Morse, K. (2003). Does one size fit all? Exploring asynchronous learning in a multicultural environment. JALN, 7(1), 37-55.
Zuochen Zhang, University of British Columbia
As new technologies become less expensive, provide greater access to various forms of multimedia, and are integrated into all aspects of everyday life, online learning environments are becoming more prevalent. Online education, as experienced through course management systems, is being heralded as meeting the needs of students’ lifestyles by managing time conflicts and access from remote locations, and helping people to juggle personal commitments (Harrison & Bergen, 2000). However, research indicates that improvements are needed to prevent high drop-out rates and to improve learning results (Byun, et al., 2000; Carr, 2000; Moshinskie, 2001). Online distance education courses need to be designed in such a way that learners with different backgrounds and preferred learning approaches will feel motivated and gain the best possible learning results from such courses. It is a challenge for instructional designers of online education courses to determine learners’ preferred learning approaches and related social and cultural issues, and to design learning environments to meet these needs. Designers of such programs should consider cultural differences in their design as students of different cultural backgrounds may have different perspectives and interpretations of learning content (Driscoll, 2000; Gayeski, et al., 2002; Moshinskie, 2001).
The case used for this study was a graduate seminar delivered fully online using asynchronous computer-mediated conferencing communication (CMC) for class participants to discuss topics and issues raised from the reading materials assigned by the instructor. Based on a review of literature on asynchronous CMC, the author lists the benefits of this medium as flexibility, participation quantity and quality, communication openness/access, and post-participation review/access for references. He also lists various challenges such as technology frustration, coordination, timing/delay frustration, and skills deficits. The author points out that even though culture is a primary factor in “determining individual behavior patterns, and provides the paradigm by which experience is interpreted, assimilated, and adapted”(p. 40), a systematic consideration of the role culture plays in CMC is missing in the literature.
This paper discusses different definitions of culture, such as “shared patterns of behavior”, “systems of shared meaning and understanding”, “...those learned roles of behavior which bound accepted acceptable practice in a group environment”, a result of fundamental societal assumption, and the concept of national culture, and argues that the indicator of cultural background should be ethnicity rather than nationality. The author goes on to introduce a continuum between low context and high context cultures, and uses a table to illustrate the difference between low context education perceptions/expectations and high context education perceptions/expectations.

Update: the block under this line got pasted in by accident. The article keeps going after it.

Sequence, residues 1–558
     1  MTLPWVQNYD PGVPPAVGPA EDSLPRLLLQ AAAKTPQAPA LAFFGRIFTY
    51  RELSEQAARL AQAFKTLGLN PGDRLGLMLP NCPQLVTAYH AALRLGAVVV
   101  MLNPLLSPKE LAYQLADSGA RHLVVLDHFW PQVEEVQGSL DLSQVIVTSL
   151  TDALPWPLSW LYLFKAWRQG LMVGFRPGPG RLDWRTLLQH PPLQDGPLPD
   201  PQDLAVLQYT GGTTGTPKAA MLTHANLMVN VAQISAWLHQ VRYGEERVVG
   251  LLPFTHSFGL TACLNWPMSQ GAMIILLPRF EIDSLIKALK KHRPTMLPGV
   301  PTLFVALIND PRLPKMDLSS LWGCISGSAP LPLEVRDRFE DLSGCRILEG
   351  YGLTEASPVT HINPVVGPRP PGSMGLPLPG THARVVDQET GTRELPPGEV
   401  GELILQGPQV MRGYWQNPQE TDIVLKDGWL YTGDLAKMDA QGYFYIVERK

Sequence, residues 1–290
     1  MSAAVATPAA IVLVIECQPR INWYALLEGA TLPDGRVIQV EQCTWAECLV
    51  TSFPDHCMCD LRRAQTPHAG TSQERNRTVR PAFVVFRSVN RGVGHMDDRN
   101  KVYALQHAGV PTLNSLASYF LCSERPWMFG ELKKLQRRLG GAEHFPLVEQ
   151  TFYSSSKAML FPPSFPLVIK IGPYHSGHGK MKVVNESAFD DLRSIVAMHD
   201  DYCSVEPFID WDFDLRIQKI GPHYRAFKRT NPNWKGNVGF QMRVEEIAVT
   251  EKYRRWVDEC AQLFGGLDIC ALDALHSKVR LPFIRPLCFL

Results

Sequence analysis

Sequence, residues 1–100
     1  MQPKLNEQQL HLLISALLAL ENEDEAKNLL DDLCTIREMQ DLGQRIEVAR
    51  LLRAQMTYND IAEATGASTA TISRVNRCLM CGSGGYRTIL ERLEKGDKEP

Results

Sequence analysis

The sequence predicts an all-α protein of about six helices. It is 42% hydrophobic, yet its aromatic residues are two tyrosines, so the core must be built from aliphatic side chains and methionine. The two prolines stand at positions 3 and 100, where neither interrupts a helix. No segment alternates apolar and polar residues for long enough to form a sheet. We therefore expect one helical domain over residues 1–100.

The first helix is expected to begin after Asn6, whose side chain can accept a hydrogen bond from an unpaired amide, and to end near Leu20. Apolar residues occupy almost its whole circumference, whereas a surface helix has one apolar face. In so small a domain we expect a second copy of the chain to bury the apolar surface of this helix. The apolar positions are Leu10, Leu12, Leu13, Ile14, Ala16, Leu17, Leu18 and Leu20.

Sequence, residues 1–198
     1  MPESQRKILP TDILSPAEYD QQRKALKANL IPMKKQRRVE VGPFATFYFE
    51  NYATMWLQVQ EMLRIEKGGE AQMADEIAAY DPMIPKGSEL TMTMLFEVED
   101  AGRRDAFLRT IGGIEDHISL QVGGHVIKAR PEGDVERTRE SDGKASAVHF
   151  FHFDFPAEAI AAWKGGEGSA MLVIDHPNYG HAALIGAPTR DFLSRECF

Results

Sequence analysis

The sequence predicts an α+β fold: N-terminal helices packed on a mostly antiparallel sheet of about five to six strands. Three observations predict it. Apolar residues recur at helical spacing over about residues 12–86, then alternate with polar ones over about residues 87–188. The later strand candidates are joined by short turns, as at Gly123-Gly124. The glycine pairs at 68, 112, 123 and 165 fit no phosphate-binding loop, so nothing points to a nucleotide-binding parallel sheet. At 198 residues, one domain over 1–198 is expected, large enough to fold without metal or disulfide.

Characteristics of low context learning are:
Those of high context learning are:
The participants for this exploratory case study were 24 students with a variety of cultural/ethnic backgrounds. Participants who were assigned to the low context cultural group were from the United States, the United Kingdom, Australia and New Zealand, and those who were assigned to the high context cultural group were from Pakistan, China, Singapore, Sri Lanka and Thailand. Each group had 12 students making the ratio of representatives of low context and high context cultural groups 50/50. The author believes the exact even split of number of participants “improves the potential accuracy of response difference” (p. 45). All the participants in the low context cultural group used English as their primary language of communication while those in the high context cultural group used English as their secondary language of communication.
The author agrees with arguments in the existent literature that asynchronous computer-mediated communication can successfully serve as a learning medium for students with different ethnic/cultural backgrounds. However, as learning patterns are developed as part of a participant’s ethnic/cultural development, the factor of ethnic/cultural backgrounds noticeably influences learners’ perceptions/expectations of asynchronous communication network. He suggests that ethnic/ cultural backgrounds of learners should be considered in the design and delivery of both computer-mediated communication and face-to-face instruction by improving the presentation and developing richer learning in a transcendent multicultural context.
In addition to those stated by the author, one important limitation of such a study might be that learners’ perceptions/expectations may change after being exposed to another cultural environment for a certain period of time. And such a change could possibly affect the identification of a learner’s ethic/cultural background.
Byun, H.P., Hallett, K., & Esses, C. (2000). Supporting instructors in the creation of online distance education courses: Lessons learned. Educational Technology, 40(5), 57-60.
Carr, S. (2000). As distance education comes of age, the challenge is keeping the students. The Chronicle of Higher Education, 46(23), A39-A41.
Driscoll, M. (2000). Psychology of learning for instruction. Needham Heights, MA: Allyn & Bacon.
Gayeski, D., Sanchirico, C., & Anderson, J. (2002). Designing training for global environments: Knowing what questions to ask. Performance Improvement Quarterly, 15(2), 15-31.
Harrison, N. & Bergen, C. (2000). Some design strategies for developing an online course. Educational Technology, 40(1), 57-60.
Moshinskie, J. (2001). How to keep E-learners from E-scaping. Performance Improvement, 40(6), 28-35.
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